The Senate Class of 1986

September 27, 1992

Freshman Sen. Kent Conrad startled his state of North Dakota and the Washington political establishment when he announced last April that he would not seek a second term. Why? He was popular at home and in the Senate. He had a big bankroll. Republicans had no strong candidate to run against him. At age 44 he seemed to have a long career ahead.

But when he ran for the seat in 1986 against incumbent Republican Sen. Mark Andrews, he promised not to seek re-election if Congress had not been able to reduce the budget deficit by 80 percent. Which, of course, it didn't.

But now he appears to be back in the race. Not for his own seat but for that held by Sen. Quentin Burdick, who died this month. That vacancy will also be filled at the polls this year. Senator Conrad is regarded as a certain nominee and a strong favorite to defeat any Republican, even if it is Mr. Andrews, whom he barely edged six years ago. North Dakotans love the integrity he displayed in sticking to his campaign promise -- and even more they love his fight to keep agriculture strongly and expensively supported by federal subsidies.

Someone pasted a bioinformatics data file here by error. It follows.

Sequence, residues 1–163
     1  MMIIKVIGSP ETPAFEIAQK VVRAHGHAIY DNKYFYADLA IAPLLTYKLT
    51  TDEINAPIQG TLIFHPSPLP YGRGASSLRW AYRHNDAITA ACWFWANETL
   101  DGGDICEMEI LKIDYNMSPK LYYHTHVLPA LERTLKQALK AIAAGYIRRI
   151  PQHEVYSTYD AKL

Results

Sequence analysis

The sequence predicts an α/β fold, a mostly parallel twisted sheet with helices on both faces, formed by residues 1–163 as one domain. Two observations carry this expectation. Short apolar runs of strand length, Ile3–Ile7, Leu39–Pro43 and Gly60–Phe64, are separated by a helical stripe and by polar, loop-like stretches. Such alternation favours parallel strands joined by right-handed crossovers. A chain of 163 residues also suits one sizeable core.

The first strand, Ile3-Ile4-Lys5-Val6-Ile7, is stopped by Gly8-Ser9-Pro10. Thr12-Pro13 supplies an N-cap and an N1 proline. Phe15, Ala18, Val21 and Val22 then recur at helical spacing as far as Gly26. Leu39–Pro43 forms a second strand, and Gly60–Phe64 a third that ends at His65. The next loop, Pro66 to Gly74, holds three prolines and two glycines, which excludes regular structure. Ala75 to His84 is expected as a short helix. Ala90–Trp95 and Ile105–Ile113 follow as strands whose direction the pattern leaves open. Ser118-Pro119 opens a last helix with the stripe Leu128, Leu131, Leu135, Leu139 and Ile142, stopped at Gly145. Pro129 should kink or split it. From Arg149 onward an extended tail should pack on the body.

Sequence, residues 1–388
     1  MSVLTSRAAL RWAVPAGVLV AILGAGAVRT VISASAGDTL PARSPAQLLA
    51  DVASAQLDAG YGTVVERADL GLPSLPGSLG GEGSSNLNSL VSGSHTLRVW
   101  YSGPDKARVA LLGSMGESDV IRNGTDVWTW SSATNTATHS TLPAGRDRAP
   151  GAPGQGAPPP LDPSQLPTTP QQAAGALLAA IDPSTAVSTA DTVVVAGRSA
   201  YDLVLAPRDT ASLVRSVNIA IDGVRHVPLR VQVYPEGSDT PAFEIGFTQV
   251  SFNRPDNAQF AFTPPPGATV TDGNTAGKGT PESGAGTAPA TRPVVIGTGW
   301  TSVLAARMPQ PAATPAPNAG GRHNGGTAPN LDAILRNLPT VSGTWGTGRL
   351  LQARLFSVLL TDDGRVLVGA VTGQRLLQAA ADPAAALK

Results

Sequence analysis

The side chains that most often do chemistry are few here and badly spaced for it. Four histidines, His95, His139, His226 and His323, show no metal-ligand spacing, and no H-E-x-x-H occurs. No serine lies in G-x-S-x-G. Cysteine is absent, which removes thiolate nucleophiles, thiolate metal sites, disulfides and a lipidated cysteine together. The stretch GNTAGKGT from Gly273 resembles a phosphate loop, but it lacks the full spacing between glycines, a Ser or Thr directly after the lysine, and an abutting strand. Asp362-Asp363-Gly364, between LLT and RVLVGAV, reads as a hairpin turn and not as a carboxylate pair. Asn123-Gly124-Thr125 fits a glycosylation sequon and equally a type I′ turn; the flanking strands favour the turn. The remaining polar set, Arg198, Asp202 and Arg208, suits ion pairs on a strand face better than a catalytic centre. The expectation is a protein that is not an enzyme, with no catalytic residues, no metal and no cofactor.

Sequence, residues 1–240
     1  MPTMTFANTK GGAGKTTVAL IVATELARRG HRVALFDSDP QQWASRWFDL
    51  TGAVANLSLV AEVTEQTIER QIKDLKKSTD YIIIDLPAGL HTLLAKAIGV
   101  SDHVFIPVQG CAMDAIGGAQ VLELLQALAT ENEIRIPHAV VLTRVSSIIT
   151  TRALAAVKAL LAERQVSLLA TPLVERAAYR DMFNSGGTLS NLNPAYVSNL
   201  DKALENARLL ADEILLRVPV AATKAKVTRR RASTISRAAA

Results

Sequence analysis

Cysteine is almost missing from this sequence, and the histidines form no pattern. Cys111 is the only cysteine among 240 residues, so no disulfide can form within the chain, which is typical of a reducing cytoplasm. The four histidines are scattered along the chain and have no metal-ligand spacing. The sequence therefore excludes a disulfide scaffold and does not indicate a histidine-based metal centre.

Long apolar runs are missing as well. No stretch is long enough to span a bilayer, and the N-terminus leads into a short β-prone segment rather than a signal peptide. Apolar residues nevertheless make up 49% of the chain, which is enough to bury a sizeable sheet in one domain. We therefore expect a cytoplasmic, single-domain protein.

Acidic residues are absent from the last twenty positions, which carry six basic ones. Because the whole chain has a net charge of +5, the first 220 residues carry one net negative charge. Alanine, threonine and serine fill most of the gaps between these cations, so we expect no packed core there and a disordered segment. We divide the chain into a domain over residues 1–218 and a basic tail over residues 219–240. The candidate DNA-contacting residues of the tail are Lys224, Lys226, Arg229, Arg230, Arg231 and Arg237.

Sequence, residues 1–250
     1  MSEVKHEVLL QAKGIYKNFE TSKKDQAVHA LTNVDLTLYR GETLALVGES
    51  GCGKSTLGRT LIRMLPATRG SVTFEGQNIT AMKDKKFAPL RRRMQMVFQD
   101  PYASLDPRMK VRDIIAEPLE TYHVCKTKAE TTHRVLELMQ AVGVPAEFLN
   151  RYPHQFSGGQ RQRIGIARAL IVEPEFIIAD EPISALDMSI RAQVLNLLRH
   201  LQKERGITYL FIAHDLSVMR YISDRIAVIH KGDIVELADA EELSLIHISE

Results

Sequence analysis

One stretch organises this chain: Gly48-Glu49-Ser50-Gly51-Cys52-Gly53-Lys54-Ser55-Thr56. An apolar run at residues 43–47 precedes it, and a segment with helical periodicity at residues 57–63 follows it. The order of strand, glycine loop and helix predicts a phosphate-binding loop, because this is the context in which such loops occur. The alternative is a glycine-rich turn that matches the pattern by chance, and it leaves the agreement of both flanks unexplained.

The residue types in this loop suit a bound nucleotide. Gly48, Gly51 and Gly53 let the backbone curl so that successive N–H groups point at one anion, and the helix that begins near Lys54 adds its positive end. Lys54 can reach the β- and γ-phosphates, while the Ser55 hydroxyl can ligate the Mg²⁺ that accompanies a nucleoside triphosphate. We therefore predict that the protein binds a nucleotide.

That in a nutshell explains the problem in Washington. Senators who are for budget discipline in general can't or won't be for it when it comes to home-state priorities. Even in this year of the revolt against incumbents in the House, senators seeking re-election are doing very well. Only one was defeated in primaries. Only a few are in any peril in the general election. To a large part this is due to their ability to bring home the bacon.

Interestingly, Democratic members of Senator Conrad's class o1986 are doing very well. Six years ago many were regarded as potentially one-term senators because they all had won in off-year elections, many by narrow margins. They foresaw running again in a presidential year in which a popular George Bush would be offering coattails to their opponents. How times have changed.

Of the eight freshmen Democrats running in 1992, all are favoreto be re-elected. Some, like Barbara Mikulski here, Bob Graham in Florida and Richard Shelby in Alabama, are practically prohibitive favorites. John Breaux in Louisiana isn't even opposed. The other freshmen are well ahead in the polls, but are facing aggressive Republicans who might change things in the next five weeks. (The Republican freshmen senators -- Christopher Bond in Missouri and John McCain in Arizona -- are favorites, too.)

The strength of the Democratic freshmen almost guarantees not only that Republicans will not achieve their dream of regaining control of the Senate in this year's election, but that they may even have a net loss of seats because of party weaknesses in other races.

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